Failing grade for Legal Aid

The attorney general has announced seven recommendations to improve the legal aid system

By Graham F. Scott

On Monday July 28th, 2008

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Legal Aid Ontario logoLegal Aid Ontario is failing to keep up with the needs of ordinary middle class citizens, said University of Toronto law professor Michael Trebilcock in a report to the Attorney General’s office last week. Reforming the way legal aid is made available would improve access, he says.

That’s one of Trebilcock’s seven broad recommendations for fixing the province’s dysfunctional legal aid system. The recommendations mostly boil down to two things: Legal Aid needs more money, and it needs to spend it better. Simple.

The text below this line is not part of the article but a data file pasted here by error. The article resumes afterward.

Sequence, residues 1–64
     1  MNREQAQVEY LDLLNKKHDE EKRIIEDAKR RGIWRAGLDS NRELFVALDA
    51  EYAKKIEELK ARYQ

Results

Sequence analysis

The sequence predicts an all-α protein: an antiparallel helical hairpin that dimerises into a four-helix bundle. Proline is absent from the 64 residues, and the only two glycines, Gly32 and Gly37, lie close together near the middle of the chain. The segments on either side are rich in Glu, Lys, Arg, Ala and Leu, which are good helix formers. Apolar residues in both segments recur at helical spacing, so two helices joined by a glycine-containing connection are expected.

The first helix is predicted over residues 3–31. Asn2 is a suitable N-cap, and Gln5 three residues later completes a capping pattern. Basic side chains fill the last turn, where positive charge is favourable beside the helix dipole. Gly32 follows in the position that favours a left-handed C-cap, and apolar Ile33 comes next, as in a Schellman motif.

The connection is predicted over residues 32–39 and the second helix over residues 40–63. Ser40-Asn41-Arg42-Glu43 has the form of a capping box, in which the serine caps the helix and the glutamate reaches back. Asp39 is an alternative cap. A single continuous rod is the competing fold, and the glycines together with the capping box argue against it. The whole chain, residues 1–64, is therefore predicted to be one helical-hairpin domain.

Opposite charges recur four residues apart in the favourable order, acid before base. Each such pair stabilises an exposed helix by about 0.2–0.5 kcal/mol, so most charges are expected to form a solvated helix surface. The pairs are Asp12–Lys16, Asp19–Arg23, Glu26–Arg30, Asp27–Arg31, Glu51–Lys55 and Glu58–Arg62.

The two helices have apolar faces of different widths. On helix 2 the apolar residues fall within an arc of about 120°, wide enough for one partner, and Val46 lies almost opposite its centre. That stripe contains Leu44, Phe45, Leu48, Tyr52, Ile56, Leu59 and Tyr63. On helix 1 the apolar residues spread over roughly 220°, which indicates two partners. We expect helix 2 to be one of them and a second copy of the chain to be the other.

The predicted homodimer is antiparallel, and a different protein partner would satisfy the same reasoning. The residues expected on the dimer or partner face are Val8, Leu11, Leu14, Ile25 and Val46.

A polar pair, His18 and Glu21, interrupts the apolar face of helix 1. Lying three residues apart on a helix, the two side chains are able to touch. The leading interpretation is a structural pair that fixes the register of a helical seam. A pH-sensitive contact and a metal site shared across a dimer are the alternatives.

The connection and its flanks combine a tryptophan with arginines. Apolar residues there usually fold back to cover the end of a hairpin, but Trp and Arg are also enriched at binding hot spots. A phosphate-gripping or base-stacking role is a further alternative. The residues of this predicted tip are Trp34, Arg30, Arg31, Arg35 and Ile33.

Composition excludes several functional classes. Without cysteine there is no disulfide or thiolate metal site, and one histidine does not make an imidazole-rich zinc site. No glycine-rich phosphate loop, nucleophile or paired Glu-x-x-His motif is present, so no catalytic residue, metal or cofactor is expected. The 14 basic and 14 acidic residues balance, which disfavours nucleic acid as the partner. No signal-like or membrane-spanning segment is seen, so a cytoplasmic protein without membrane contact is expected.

“The legal aid system, despite the important normative rationales that underpin it, is not a system in which most middle class citizens of Ontario feel they have a material stake,” says Trebilcock in the executive summary to the report. “Both LAO and the Government of Ontario…need to accord a high priority to rendering the legal aid system more salient to middle-class citizens of Ontario (where, after all, most of the taxable capacity of the province resides).” As you can see from the venomous responses to this story on the Toronto Star’s website, this is an issue that Joe and Sally Taxpayer seem pretty steamed about. But it’s hard to see how the government or the profession are going to respond without that magic ingredient: money. And where exactly is that going to come from?